Interest in impact investing is growing but there is still a lack of suitable impact investing offerings targeted directly at the needs of Asian wealthy investors, delegates at AsianInvestor’s Family Office Forum (FOF) heard last week.
Non-Asian private banks, in particular, have a habit of selling impact investing packages in Asia that have been created mainly with clients based in Europe and the US in mind, said one partner at a family office (FO).
"At least half of those [impact investing] products are inappropriate for [Asian] investors,” he said, noting how some focus on areas or sectors that are not necessarily top of the agenda for investors in this part of the world.
“An impact investing package could aim to alleviate poverty in Africa, but Asian investors might prefer to invest in projects that are closer to home, in markets such as Cambodia or Myanmar,” he said.
AsianInvestor's FOF, which brought together a range of multi- and single-family office executives at the Ritz Carlton, took place in Hong Kong on May 29 under Chatham House rules, meaning any comments could be reported but not attributed.
The goal of impact investing is to generate measurable social and/or environmental benefits as well as positive financial returns.
LACK OF EXPERTISE?
Not helping matters is a lack of structuring expertise in the region for impact investments.
Many investors find they might have to spend a lot of time undertaking due diligence on small-scale projects; as a result, they might opt to invest in a project managed by a big global private bank, the FO partner said.
Specialists at private banks acknowledge that Asia lags the US and Europe when it comes to impact investing but they also note the growing interest in it among the region's investors.
"UBS's impact investing strategies to date have focused mainly on developing countries, including numerous investees in Asia, as well as high-impact technologies such as [education]-tech and oncology drug development in developed countries," James Gifford, head of impact investing at UBS, told AsianInvestor. "However, we seek to serve a global client base, including Asian clients, and our Asian clients have shown strong support for our impact strategies.”
Bernard Fung, head of wealth planning services in Asia-Pacific private banking at Credit Suisse, notes that many of the impact funds raised to date in the region have been small or focused on relatively small transactions in so-called social enterprises.
“In Southeast Asia and China – unlike India, Africa and Latin America – there are few impact funds which focus on expansion capital opportunities in the $2 million-$10 million space, and which adopt a commercial approach to impact investing,” he told AsianInvestor.
Not only is the risk profile of such $500,000-to-$2 million deals far higher (venture-capital risk, in essence), they also have a higher likelihood of failure, he said, adding that the returns are simply not commensurate with the risk.
Nevertheless, he too acknowledged increasing interest in impact investing across client segments at Credit Suisse.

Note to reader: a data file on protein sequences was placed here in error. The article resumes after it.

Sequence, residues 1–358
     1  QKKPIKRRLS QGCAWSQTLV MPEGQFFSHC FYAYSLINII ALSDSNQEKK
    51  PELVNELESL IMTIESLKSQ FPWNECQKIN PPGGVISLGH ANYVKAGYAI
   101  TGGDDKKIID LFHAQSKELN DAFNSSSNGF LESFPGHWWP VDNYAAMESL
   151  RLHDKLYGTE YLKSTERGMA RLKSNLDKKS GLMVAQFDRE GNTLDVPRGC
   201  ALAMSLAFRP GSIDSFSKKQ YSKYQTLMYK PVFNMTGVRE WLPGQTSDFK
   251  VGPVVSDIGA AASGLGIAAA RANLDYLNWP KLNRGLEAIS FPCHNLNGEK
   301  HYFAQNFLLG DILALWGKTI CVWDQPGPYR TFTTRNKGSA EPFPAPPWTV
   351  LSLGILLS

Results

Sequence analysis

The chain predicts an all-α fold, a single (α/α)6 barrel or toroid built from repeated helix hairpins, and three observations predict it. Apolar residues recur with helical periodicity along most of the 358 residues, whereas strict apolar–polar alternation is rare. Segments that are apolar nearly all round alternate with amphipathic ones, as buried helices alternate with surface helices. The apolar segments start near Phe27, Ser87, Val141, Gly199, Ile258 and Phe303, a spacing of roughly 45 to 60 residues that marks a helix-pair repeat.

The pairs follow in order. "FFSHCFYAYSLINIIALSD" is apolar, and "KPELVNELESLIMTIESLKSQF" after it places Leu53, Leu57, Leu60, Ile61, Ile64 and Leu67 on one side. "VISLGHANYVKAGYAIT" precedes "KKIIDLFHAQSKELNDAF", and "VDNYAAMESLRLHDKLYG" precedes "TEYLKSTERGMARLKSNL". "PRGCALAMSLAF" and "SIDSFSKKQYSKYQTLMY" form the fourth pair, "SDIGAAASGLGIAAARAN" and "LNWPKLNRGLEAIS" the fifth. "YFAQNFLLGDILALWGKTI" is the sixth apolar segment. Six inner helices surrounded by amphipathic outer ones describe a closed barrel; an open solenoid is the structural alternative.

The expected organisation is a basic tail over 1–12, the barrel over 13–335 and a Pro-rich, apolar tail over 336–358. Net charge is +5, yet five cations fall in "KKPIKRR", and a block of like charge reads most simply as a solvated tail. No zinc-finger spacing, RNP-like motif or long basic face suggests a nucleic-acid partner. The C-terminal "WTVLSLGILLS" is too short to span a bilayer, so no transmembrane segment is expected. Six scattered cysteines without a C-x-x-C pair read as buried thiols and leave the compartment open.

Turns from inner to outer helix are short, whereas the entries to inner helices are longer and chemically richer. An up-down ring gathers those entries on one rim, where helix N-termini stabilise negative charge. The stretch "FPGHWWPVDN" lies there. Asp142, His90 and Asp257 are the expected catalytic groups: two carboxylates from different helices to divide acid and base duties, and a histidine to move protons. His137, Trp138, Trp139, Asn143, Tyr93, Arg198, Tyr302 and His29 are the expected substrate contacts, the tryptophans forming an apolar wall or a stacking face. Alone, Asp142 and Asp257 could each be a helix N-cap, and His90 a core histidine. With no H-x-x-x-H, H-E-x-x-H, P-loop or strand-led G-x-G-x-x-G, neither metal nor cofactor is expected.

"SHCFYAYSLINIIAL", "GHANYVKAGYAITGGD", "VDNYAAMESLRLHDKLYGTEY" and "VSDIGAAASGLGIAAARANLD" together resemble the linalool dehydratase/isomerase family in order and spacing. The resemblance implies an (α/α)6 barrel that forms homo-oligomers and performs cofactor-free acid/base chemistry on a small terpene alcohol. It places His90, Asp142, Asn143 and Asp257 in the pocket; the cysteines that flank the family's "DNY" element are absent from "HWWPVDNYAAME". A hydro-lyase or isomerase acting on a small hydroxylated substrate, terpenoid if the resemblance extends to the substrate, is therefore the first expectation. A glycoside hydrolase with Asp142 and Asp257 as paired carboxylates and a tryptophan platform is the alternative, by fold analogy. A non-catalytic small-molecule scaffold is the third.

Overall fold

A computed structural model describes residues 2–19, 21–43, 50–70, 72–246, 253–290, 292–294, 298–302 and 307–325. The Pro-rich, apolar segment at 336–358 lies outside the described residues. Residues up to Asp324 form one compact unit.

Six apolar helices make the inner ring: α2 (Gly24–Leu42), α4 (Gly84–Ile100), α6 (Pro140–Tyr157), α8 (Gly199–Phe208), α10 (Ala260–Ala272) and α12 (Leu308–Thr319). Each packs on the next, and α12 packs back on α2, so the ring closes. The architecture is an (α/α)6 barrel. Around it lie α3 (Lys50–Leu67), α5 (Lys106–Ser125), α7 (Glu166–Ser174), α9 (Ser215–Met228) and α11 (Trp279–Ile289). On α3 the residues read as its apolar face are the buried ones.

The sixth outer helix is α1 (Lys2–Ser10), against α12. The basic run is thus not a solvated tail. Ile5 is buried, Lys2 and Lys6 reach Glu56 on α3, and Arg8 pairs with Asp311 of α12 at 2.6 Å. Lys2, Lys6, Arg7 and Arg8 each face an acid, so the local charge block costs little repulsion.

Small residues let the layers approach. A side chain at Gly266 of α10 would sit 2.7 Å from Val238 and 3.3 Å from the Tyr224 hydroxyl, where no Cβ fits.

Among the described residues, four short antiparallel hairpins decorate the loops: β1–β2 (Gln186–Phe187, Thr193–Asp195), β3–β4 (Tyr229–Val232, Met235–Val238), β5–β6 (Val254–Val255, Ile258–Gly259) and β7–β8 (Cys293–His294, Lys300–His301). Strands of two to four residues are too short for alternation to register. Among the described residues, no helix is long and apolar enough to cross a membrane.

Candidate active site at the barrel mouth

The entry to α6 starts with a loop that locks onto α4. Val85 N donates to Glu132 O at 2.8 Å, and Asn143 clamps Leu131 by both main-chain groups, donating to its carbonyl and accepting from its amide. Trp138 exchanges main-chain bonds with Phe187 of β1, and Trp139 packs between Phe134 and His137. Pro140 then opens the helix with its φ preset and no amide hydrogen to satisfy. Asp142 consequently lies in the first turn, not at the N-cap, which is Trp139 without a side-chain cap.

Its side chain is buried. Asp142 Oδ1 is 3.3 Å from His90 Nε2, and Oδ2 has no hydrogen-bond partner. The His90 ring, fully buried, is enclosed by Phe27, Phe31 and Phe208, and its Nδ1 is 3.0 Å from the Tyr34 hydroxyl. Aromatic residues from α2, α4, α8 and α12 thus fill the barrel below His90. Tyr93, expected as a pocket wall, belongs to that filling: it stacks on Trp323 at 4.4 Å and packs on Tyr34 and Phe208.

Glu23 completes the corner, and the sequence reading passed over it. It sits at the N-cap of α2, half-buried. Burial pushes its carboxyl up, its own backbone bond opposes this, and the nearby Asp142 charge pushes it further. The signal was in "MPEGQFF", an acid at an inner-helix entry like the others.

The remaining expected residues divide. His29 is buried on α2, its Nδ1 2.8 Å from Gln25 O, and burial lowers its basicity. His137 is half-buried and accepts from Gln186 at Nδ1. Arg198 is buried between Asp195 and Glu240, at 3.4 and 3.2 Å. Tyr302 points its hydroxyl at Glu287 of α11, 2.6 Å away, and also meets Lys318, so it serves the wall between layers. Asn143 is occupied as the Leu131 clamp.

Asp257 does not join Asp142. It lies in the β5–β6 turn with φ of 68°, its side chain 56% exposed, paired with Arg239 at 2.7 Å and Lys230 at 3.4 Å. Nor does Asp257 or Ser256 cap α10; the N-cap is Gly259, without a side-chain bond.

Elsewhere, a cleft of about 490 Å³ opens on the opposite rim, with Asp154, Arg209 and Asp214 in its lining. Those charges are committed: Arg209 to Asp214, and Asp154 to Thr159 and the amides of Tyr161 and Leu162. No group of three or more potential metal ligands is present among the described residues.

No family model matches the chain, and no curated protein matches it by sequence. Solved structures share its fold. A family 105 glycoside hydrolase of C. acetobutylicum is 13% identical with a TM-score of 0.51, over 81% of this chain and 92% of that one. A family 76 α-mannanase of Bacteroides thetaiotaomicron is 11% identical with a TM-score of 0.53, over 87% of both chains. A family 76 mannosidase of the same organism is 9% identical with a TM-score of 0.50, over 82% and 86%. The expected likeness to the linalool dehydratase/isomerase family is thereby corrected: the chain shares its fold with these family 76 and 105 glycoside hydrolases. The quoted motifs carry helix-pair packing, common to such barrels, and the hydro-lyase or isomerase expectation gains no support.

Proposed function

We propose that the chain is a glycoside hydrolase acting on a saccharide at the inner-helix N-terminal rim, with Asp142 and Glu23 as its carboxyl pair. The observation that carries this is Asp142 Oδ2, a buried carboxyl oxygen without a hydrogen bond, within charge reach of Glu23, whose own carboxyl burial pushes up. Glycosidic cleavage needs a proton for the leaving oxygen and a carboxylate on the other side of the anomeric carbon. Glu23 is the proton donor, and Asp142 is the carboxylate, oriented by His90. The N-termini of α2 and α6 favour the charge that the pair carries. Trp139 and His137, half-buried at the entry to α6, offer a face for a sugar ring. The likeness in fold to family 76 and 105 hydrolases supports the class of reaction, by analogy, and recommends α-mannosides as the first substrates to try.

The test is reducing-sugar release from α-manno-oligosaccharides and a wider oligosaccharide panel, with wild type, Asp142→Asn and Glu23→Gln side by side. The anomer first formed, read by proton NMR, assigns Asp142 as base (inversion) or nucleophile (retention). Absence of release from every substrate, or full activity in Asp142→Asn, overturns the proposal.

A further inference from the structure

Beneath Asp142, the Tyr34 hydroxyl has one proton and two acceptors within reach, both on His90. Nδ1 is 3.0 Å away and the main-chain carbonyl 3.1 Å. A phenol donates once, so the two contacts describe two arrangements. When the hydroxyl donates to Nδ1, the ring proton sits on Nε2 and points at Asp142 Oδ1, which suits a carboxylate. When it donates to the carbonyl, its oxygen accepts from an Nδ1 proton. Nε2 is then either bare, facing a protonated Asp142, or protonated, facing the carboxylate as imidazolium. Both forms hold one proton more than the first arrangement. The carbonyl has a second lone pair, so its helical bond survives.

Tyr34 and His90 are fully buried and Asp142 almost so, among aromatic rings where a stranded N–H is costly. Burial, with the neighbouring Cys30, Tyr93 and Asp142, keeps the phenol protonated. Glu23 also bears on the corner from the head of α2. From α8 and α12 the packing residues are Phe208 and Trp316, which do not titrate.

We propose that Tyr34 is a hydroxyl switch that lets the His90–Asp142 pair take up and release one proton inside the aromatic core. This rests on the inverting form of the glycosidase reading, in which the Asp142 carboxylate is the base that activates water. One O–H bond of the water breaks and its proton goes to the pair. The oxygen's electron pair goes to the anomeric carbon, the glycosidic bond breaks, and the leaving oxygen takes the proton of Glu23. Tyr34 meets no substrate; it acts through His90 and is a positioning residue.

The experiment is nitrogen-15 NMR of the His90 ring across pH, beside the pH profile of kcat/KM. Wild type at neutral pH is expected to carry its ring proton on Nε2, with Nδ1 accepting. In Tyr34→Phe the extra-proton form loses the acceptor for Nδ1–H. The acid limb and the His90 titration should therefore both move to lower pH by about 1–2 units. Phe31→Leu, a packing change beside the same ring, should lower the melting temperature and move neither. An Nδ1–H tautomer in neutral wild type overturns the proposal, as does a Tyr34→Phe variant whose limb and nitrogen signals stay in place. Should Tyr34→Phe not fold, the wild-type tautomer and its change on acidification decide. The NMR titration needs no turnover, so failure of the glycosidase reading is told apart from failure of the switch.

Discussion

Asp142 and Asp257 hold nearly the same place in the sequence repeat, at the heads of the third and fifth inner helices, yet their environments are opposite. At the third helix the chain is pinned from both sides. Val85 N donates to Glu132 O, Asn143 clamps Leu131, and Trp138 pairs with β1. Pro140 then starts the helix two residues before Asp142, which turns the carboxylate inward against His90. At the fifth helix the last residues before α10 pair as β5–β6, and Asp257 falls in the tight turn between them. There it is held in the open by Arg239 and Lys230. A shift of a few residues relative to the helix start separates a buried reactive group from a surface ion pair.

He also said the private bank has attempted to provide more Asia-focused solutions, noting that in 2015, it launched an Asian Impact Investment fund in partnership with UOB Venture Management.
“The fund achieved a final close of $55 million in end 2016, with nearly 80% of commitments coming from our Asian ultra-high net worth clients,” he said.
The areas that investors are most interested in are education, healthcare and even the arts, the FO executive told delegates.
Marisa Drew, chief executive of the impact advisory and finance department at Credit Suisse told AsianInvestor in an interview last month that climate change and environmental concerns are also increasingly key focus areas for wealthy investors.
“Another area that is gaining traction is marine conservation although at the moment, we do not have enough investible opportunities of sufficient scale,” she said.
The big challenge remains measuring impact, which understandably can vary from project to project.
Some global standard metrics have been identified for measuring impact investments but they are not always suitable in the Asian context, the FO speaker said.
One of the metrics under IRIS, promoting human rights, for instance, is not a metric that is suitable for Asia, since adopting that metric has “huge” political implications and could be dangerous, he said. (IRIS is a globally accepted series of purpose-built impact investing performance metrics produced by the Global Impact Investing Network (GIIN), a nonprofit organisation).
As such, investors that want to invest in impact projects but lack the experience should start by investing small amounts (HK$1 million or so). Because without that experience it’s tough to manage investment outcomes efficiently and especially tough to judge how effective investments are, the FO executive said.
For instance, how does one assess the quality of an investment in a school education project? Is it based on the number of children passing a certain grade or from the number of children attending classes?
Nevertheless, as Credit Suisse's Drew points out, it is important for investors not to get too hung up over standardising impact measurements. Eventually, investors and structurers can agree on the right metrics that make sense for a given project, she said. The important thing is to get started with a project whose mission they identify with -- after having done their due diligence, of course.
*This article has been amended to mention the launch of an Asia impact investment fund by Credit Suisse.